In North America, a Canadian security expert has warned that the country’s utilities are not doing enough to secure their supervisory control and data acquisition (SCADA) systems.
Former assistant director of intelligence at the Canadian Security Intelligence Service Ray Boisvert said SCADA technology – which is essential to smart grid decision making – in both Canada and the US are vulnerable to cyber attack, reports IT World Canada.
Mr Boisvert, currently president of consultancy I-Sec Integrated Strategies, said: “Canada is no more ready that the US on these devices.”
“There needs to be considerable investment in hardening and protecting these industrial control systems.”
Boisvert rated Canada’s efforts as B, although he admitted no country yet has an A.
Need for OT security
Speaking at a trade event this week, he said some hydro systems owned by cities or townships “are really, really vulnerable. They have no funds, and very little awareness of cyber security.”
Robert Wong, executive vice-president and chief information and risk officer at Toronto Hydro, the largest municipal electricity distribution company, told IT World Canada that he agreed with this assessment of the utility industry’s preparedness against cyberattacks.
Mr Wong said: “We’re not very mature… the whole industry is somewhat behind.”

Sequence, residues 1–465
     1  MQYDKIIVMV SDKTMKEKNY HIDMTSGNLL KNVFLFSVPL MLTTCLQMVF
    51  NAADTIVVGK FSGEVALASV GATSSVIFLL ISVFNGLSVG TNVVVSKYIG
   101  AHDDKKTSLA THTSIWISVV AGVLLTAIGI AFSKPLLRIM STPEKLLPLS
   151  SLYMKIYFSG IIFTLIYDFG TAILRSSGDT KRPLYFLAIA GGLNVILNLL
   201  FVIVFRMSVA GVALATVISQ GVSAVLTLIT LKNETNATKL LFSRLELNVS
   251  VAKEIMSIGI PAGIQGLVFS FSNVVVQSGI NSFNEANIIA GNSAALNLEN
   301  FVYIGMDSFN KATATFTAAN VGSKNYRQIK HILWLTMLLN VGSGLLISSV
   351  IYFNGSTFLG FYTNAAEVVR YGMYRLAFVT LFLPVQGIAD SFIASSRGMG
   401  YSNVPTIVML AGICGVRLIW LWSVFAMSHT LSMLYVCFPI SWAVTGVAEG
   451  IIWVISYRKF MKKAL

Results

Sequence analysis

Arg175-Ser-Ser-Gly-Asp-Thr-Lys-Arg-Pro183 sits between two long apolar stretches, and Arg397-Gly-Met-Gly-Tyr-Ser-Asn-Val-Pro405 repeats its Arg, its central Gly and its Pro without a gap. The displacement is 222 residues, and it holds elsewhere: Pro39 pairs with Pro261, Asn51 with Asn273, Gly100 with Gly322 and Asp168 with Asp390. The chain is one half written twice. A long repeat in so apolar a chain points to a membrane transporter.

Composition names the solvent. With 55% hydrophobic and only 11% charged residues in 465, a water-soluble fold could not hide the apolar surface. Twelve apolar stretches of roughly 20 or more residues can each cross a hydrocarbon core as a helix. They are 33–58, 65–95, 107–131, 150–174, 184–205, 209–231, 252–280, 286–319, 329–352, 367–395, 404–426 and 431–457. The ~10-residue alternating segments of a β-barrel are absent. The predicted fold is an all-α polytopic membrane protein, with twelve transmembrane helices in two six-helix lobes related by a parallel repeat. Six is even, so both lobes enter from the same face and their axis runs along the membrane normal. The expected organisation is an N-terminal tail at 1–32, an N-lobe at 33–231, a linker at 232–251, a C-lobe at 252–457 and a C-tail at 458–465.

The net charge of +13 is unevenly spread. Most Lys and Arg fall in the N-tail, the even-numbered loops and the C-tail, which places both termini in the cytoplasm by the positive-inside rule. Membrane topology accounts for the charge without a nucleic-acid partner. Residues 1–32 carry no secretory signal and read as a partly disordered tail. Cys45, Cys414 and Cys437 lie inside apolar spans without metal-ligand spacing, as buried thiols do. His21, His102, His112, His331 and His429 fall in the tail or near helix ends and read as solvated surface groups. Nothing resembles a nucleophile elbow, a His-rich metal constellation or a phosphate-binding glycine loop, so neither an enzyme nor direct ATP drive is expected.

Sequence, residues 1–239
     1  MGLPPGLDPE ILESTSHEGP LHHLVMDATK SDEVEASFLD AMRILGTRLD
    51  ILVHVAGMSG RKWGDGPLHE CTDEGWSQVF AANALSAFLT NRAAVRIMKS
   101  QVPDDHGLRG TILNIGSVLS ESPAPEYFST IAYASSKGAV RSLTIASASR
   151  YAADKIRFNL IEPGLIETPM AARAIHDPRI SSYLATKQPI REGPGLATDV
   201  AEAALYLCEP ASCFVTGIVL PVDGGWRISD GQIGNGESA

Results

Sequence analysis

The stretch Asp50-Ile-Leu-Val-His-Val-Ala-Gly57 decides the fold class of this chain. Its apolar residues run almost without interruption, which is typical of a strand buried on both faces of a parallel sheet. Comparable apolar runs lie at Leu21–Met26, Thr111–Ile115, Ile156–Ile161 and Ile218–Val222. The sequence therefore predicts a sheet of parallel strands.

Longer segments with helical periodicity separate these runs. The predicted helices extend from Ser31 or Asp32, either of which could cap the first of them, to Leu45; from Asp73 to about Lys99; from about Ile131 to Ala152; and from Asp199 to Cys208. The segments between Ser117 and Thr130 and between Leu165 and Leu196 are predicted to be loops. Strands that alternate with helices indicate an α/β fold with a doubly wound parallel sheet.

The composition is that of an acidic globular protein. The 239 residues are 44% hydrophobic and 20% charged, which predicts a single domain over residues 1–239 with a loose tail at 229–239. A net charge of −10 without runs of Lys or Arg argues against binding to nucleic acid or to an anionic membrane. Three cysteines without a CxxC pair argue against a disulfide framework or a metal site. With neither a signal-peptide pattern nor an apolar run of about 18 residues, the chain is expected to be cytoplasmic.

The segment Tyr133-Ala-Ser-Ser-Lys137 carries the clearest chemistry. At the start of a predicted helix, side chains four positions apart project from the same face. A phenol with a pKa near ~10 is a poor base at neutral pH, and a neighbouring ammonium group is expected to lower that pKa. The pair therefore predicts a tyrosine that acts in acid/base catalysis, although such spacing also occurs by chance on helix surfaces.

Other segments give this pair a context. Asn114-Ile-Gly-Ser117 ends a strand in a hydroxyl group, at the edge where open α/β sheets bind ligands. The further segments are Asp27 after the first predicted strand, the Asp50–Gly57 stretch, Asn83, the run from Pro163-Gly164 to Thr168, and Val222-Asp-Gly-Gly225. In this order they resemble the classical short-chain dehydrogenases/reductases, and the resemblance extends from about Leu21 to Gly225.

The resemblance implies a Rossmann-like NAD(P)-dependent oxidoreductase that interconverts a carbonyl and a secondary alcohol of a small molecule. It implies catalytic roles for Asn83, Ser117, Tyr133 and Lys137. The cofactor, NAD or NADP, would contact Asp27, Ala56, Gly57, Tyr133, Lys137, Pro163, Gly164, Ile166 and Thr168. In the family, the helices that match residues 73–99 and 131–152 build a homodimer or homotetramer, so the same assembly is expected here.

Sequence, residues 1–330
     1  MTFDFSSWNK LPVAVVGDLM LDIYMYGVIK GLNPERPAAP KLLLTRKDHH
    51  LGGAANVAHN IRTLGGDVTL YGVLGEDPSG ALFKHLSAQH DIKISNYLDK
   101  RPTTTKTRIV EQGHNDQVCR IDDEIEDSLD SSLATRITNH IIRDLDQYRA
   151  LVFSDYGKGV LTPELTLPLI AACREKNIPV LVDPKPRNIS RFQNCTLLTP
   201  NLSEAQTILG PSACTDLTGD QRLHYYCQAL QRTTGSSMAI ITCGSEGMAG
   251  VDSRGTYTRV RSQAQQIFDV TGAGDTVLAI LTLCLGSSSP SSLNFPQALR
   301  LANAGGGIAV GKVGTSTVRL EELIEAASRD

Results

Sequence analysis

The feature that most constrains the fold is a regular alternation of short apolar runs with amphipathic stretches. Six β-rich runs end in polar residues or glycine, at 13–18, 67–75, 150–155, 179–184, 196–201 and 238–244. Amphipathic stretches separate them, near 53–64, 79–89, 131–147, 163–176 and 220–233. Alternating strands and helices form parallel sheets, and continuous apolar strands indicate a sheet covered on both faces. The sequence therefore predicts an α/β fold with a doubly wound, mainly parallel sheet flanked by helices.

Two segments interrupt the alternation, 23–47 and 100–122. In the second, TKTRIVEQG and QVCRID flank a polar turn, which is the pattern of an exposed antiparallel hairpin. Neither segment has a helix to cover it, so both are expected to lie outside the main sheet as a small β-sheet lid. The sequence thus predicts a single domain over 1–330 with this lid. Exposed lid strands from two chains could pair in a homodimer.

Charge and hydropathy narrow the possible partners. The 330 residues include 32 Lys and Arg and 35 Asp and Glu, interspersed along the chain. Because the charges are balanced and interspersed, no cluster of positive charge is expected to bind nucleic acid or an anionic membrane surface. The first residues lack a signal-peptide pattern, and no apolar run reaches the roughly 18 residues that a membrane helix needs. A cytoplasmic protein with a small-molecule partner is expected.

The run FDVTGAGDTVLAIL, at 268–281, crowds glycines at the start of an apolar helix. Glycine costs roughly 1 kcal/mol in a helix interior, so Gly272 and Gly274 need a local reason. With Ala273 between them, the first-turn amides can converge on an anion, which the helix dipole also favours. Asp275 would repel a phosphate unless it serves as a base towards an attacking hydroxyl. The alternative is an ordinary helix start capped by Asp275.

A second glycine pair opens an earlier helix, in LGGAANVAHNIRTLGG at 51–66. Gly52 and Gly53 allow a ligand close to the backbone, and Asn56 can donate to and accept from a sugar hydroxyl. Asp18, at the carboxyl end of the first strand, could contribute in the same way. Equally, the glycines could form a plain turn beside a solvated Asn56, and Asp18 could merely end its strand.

On security for traditional IT systems, Wong said: “We’re middle of the road.
“Where we really are behind is in the operational technologies such as power line relays, monitors and sensors that until recently were electromechanical. Now they’re becoming IP-enabled but their security isn’t good enough.
He added: “As a result “we’re playing catch up in terms of cyber security for the critical infrastructure in the grid.
“We need to get our OT vendors to raise their games and make security a priority in their products.”
Government cyber security efforts
Security expert Boisvert said the Federal Government needs a ‘cyber czar’ with a deputy minister authority to become the “spokesperson in chief to drive the agenda among the agencies, because in my estimation there isn’t great co-ordination between agencies in Ottawa, even for those with the money.”
Boisvert observed that while improving SCADA cyber security is the priority of the technology committee of industry group the Canadian Electricity Association, Canada isn’t big enough to influence equipment manufacturers.
Canada’s Federal Government has developed a national cyber security strategy for critical infrastructure and encourage provinces and 10 sectors to form groups for sharing information.
Global SCADA cyber security
In April 2015, IT giant Dell’s annual Threat Report indicated that cyber attacks on SCADA systems have increased by 100% in 2014.
In 2014, Dell saw 202,322 SCADA attacks in Finland, 69,656 in the UK, and 51,258 in the US.